RELIGION

Vatican: Bishops Can Close Any Parish For Any Reason

07/21/2010 02:06 am ET | Updated May 25, 2011

By Michael O'Malley / The Plain Dealer
Religion News Service

CLEVELAND (RNS) A Catholic bishop, acting on what he believes to be good for his entire diocese, can close any parish, even if the parish is financially stable and has vibrant membership, the Vatican's highest court has ruled.

The decision does not bode well for a string of Cleveland churches that have already been closed by Bishop Richard Lennon, but have appeals pending in a Vatican court.

"This is very significant," said Peter Borre, a Catholic activist in Boston who represents 10 churches in that city in their appeals to Rome. "The message is: 'No parish is safe.'"

Robert Tayek, a spokesman for the Cleveland Diocese, declined to comment, saying church officials had not seen the Vatican ruling.

The ruling, made public late last week when it was translated from the original Latin, came on the heels of the Vatican denying the appeals of all 10 Boston churches, which began that process six years ago.

Meanwhile, at least five Cleveland area parishes that closed this year received letters from a Vatican judicial panel saying it needed more time to consider their appeals and extended the hearing deadlines to Nov. 30.

Even with the denial of the appeals in Boston, some here are keeping their fingers crossed.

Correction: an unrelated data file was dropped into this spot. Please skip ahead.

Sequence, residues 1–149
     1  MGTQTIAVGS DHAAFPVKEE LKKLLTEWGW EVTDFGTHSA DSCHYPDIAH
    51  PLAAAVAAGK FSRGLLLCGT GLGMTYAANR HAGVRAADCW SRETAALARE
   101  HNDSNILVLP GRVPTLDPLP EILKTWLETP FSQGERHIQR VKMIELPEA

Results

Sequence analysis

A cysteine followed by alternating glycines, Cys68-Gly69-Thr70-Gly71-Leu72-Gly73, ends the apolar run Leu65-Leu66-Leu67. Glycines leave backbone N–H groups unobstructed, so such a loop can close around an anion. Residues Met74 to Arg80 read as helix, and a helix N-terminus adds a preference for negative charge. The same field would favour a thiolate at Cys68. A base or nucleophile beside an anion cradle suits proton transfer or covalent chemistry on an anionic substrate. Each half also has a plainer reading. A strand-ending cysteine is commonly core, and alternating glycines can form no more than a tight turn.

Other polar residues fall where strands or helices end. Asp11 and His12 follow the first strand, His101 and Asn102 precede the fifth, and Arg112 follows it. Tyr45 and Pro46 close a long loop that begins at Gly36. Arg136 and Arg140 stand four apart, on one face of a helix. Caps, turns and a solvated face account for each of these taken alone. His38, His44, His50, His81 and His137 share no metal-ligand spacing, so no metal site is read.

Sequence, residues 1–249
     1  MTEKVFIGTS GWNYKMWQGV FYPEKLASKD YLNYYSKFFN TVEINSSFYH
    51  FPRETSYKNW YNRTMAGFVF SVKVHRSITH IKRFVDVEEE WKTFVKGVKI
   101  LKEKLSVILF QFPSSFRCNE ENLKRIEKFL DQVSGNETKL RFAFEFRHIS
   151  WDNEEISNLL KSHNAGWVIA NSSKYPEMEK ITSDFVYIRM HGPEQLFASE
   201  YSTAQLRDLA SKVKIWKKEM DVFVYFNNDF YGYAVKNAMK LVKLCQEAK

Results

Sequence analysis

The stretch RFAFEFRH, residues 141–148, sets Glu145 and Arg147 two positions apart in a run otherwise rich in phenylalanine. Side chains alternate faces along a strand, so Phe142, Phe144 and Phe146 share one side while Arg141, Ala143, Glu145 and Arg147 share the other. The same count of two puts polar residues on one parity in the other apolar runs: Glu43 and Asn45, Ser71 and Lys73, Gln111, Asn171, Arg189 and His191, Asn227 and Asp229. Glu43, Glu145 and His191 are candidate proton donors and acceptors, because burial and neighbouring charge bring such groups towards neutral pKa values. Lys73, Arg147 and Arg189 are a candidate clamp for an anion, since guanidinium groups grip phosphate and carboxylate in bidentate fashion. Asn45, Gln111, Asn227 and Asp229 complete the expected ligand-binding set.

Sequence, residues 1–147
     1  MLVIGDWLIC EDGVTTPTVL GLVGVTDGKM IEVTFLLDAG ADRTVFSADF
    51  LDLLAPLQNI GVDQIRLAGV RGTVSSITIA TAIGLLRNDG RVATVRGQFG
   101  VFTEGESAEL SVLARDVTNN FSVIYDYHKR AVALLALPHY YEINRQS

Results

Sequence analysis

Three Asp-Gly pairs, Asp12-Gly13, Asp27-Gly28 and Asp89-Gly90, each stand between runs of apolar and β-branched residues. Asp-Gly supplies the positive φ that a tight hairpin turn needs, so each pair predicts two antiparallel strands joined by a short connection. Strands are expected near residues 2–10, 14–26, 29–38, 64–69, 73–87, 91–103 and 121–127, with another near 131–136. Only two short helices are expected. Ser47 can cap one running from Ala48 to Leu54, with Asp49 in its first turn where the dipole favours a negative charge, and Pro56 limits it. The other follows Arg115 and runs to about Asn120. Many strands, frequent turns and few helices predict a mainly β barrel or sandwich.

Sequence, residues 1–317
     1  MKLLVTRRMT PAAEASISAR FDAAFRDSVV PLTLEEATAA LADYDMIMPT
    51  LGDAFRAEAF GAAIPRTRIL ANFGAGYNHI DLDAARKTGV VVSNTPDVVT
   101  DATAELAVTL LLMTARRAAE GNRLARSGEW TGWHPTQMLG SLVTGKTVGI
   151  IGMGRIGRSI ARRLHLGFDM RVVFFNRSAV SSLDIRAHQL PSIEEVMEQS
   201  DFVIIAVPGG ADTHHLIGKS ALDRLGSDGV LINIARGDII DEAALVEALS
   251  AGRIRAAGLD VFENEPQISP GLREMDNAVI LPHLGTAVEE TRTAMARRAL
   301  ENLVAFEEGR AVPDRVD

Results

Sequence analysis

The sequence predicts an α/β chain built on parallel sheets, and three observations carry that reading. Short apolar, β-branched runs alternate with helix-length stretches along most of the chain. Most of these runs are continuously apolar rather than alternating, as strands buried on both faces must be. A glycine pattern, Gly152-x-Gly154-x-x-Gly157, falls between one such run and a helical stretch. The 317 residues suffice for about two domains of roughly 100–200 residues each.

"I hope the Vatican seriously starts to question what these bishops are doing," said Patricia Schulte-Singleton, head of a group called Endangered Catholics, which has been battling the local closings. "Otherwise, it's going to get out of control and people will start walking away from the Catholic Church."

Lennon, who closed churches in Boston as an auxiliary bishop before coming to Cleveland four years ago, recently completed a downsizing of the eight-county diocese by closing 50 churches, mostly in inner-city neighborhoods.

He has said the closings were necessary because of shrinking congregations, decreases in collection basket cash and a shortage of priests.

Borre, an expert on church law and an adviser to some Cleveland churches fighting the closings, said the diocese cannot sell the church properties and distribute their assets while they are under appeal.

Borre, who had already battled Lennon in Boston, acknowledged that the Vatican's ruling dealt a major blow to his effort to keep churches open, but he vowed to keep fighting.

"We'll challenge Lennon every step of the way," he said. "If you want to call it economic warfare, you're close."

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